So, yes, I do support segregation of our economic power. But I really don’t think you can call me a racist.
After all, I do have white friends.

Sunday, July 02, 2017

July 4th? Sorry . . . My Independence Day isn’t until December!

Today, a friend of more than 40 years texted me "Wishing you a safe and happy 4th of July!" followed by six American flag emojis and six celebratory horn-blowing emojis.
I texted back, "Same to you (although I don't know when you got so damn patriotic.)"
His response? "I just learned about emojis. Yay, me!"
His answer satisfied my curiosity. He used the 4th of July like many African-Americans (and quite a few non-African-Americans)  use it  . . . as an excuse to do something else they want to do -- get off work, barbecue in the backyard, have a family reunion (because it's a three-day holiday and it allows out-of-town relatives travel time), or simply to practice sending out emojis.
I do know a few African-Americans who actually celebrate Independence Day with flag waving and parade watching, but very few. When asked (because, you know, I have to ask) why they're celebrating they usually answer that America's a great country, and they're proud to be an American.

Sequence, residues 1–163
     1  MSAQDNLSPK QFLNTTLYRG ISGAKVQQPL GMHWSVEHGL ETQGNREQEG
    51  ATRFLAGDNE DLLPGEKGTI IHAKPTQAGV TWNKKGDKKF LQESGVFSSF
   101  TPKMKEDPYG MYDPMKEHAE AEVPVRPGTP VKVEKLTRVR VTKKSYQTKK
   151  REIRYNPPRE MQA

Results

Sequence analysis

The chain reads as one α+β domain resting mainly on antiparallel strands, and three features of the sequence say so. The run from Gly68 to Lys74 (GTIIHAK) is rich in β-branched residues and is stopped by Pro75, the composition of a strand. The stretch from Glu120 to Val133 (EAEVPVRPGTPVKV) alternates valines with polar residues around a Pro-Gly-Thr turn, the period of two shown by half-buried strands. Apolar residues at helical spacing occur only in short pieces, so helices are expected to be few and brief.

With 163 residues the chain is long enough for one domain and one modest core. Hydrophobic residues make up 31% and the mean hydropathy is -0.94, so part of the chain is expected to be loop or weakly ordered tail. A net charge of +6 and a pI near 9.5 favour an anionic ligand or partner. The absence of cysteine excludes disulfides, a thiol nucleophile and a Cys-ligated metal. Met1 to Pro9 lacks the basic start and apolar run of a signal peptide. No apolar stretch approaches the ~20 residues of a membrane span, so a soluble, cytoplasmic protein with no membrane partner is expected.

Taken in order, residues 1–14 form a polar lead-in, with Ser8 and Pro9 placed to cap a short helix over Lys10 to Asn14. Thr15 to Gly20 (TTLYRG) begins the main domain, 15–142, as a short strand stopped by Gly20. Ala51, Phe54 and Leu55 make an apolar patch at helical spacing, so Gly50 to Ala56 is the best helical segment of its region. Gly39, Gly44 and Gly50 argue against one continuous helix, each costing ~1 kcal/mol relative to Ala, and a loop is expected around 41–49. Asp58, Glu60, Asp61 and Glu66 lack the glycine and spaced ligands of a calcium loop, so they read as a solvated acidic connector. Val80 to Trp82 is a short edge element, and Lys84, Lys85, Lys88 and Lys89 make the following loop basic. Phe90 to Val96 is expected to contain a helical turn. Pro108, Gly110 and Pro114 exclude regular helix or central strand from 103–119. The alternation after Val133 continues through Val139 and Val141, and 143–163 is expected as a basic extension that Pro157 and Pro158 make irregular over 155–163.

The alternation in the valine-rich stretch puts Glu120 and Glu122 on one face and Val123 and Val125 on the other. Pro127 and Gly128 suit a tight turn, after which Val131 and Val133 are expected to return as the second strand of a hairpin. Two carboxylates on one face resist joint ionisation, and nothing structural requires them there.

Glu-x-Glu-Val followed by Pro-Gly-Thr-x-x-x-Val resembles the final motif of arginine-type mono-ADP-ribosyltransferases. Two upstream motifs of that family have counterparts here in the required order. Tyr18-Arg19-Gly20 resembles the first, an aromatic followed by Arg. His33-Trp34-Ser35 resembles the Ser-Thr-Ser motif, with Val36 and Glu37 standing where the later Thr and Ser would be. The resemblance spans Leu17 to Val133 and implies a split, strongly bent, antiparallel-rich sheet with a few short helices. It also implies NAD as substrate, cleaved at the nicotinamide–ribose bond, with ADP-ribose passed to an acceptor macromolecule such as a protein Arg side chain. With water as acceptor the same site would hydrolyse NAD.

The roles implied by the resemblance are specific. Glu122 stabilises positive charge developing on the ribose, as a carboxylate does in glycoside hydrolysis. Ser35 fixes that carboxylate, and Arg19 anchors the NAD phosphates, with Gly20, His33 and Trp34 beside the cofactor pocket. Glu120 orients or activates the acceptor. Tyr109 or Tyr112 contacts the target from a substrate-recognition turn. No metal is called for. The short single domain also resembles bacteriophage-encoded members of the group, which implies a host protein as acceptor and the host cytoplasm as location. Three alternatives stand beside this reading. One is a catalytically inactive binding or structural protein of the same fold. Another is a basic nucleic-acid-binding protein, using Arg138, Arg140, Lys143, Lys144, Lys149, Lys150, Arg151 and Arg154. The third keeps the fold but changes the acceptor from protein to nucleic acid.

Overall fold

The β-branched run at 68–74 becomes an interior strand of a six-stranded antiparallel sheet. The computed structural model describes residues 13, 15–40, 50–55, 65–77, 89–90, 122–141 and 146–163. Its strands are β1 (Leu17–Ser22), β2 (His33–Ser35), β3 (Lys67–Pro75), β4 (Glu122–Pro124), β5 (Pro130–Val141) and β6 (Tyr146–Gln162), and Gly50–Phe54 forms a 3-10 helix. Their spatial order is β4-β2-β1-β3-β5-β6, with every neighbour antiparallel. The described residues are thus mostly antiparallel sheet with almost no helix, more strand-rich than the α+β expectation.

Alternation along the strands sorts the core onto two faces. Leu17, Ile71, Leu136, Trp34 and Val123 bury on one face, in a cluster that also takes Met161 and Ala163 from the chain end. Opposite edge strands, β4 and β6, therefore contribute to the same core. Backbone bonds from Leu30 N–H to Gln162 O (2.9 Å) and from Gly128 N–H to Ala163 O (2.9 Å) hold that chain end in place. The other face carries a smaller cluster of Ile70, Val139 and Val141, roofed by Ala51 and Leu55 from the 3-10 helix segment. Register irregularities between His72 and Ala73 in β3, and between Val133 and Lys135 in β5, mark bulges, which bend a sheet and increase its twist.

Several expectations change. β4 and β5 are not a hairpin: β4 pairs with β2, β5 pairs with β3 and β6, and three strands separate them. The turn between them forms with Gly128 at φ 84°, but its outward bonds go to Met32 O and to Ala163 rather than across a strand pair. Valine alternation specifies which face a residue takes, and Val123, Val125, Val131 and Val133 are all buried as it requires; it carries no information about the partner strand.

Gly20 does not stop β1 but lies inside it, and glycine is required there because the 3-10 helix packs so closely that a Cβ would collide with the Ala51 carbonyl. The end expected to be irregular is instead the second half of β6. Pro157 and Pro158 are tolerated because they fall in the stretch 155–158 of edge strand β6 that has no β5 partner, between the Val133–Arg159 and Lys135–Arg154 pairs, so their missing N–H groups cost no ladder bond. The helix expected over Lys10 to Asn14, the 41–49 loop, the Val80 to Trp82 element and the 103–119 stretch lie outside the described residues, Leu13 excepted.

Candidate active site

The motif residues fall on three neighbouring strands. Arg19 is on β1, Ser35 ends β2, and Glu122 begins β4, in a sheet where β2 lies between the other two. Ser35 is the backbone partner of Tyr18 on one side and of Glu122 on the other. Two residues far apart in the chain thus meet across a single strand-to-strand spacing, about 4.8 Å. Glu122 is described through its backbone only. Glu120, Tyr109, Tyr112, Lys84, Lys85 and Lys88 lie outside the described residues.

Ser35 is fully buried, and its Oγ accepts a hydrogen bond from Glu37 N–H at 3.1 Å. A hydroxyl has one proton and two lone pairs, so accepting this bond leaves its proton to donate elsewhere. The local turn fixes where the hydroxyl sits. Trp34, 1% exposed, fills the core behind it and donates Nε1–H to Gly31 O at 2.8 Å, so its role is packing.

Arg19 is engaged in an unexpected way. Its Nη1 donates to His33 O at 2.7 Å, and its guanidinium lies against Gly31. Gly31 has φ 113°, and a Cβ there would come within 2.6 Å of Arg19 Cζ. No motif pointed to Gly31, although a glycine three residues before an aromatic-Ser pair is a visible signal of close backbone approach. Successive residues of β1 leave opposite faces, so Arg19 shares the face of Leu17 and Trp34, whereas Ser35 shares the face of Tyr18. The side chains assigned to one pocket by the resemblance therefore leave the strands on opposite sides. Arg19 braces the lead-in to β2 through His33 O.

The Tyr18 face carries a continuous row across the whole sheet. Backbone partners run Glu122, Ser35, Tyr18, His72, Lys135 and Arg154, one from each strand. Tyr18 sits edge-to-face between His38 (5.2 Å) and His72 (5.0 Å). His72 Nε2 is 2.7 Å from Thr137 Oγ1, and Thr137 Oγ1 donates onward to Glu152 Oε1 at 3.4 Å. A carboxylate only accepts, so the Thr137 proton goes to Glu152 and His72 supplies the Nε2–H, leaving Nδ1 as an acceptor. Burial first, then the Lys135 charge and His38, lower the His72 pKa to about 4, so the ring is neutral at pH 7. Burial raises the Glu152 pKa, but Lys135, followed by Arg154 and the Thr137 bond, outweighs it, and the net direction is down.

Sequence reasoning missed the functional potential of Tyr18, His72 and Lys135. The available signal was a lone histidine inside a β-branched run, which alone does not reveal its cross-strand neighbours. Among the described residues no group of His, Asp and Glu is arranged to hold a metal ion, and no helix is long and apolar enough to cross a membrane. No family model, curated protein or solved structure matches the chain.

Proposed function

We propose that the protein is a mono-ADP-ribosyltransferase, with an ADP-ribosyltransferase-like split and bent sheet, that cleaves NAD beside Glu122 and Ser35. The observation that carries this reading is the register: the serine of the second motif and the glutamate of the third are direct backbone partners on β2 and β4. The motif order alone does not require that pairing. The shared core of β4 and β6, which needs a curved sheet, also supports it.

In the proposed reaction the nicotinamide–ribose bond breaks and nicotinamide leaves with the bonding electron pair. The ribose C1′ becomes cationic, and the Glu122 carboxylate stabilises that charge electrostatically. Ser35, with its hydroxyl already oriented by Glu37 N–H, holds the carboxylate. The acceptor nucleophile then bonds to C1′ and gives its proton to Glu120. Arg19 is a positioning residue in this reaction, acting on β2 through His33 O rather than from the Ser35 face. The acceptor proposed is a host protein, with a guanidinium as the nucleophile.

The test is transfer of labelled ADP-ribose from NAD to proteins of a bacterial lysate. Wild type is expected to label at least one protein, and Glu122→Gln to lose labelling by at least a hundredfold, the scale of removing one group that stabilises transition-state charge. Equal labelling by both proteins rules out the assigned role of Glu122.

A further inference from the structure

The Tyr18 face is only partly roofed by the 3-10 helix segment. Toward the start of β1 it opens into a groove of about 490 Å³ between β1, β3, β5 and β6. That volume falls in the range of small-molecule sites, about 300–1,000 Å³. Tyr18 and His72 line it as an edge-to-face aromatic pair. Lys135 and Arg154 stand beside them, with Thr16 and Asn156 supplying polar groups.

I'm never quite sure how to respond without launching into a lecture that I'm quite sure they don't want to hear.
But here it is.
If you're Black, and grateful and proud to be an American that's all cool and dandy, but why are you celebrating the independence of a country that kept you enslaved while declaring their own right to be free?
I mean, let's be clear . . . if there is any date that Black folks should be celebrating as Independence Day, it should be December 18th. That's the day, in 1865, that the Thirteenth Amendment was issued, outlawing slavery.
Oh . . . you thought Lincoln freed the slaves with his Emancipation Proclamation . .!
No. He only freed the slaves in the rebelling Southern states, just to further piss them off.
It was simply a war measure, not a measure of the Nation's compassion or conscience.
Kentucky, Maryland, Delaware, parts of Virginia and even parts of Louisiana were allowed to keep right on doing what they were doing - practicing slavery.
So, yeah, while I understand some African-Americans are proud to be an American, and/or want to serve it in some manner (I fall into the latter category, having served in the U. S. Navy for five years. Yay, me!), I just don't understand celebrating an Independence Day that not only is NOT mine, but also celebrating the document that is at the heart of the holiday -- The Declaration of Independence. A document that opens with the words "We hold these truths to be self-evident, that all men are created equal, that they are endowed by their Creator with certain unalienable Rights, that among these are Life, Liberty and the pursuit of Happiness. 

My men, my race, weren't considered equal. Our right to Life, Liberty and the pursuit of Happiness wasn't recognized. The fact is there were 500,000 Blacks being held as slaves as the document was being signed

So no offense, but while I don't mind using the 4th of July as an excuse for a paid day off from work (much as many whites use the MLK holiday), I will reserve my celebration of Independence Day for another five  months